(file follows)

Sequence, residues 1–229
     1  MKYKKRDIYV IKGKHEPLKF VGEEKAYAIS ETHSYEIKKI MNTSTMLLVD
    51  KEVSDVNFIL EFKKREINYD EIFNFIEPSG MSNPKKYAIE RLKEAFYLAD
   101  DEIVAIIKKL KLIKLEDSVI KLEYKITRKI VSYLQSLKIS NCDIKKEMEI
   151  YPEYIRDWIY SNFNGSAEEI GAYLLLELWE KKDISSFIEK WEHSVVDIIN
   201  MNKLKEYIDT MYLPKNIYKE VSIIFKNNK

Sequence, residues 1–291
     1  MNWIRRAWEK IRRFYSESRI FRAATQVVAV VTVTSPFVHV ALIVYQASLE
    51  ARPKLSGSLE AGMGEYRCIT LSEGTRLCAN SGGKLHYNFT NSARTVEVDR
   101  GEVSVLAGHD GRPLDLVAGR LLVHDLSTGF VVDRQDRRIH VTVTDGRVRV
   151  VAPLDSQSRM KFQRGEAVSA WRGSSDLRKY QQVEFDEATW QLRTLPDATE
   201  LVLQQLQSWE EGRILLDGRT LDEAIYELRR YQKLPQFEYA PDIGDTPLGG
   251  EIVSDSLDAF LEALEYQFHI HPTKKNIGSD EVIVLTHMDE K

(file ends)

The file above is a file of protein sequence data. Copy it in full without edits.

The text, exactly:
Sequence, residues 1–229
     1  MKYKKRDIYV IKGKHEPLKF VGEEKAYAIS ETHSYEIKKI MNTSTMLLVD
    51  KEVSDVNFIL EFKKREINYD EIFNFIEPSG MSNPKKYAIE RLKEAFYLAD
   101  DEIVAIIKKL KLIKLEDSVI KLEYKITRKI VSYLQSLKIS NCDIKKEMEI
   151  YPEYIRDWIY SNFNGSAEEI GAYLLLELWE KKDISSFIEK WEHSVVDIIN
   201  MNKLKEYIDT MYLPKNIYKE VSIIFKNNK

Sequence, residues 1–291
     1  MNWIRRAWEK IRRFYSESRI FRAATQVVAV VTVTSPFVHV ALIVYQASLE
    51  ARPKLSGSLE AGMGEYRCIT LSEGTRLCAN SGGKLHYNFT NSARTVEVDR
   101  GEVSVLAGHD GRPLDLVAGR LLVHDLSTGF VVDRQDRRIH VTVTDGRVRV
   151  VAPLDSQSRM KFQRGEAVSA WRGSSDLRKY QQVEFDEATW QLRTLPDATE
   201  LVLQQLQSWE EGRILLDGRT LDEAIYELRR YQKLPQFEYA PDIGDTPLGG
   251  EIVSDSLDAF LEALEYQFHI HPTKKNIGSD EVIVLTHMDE K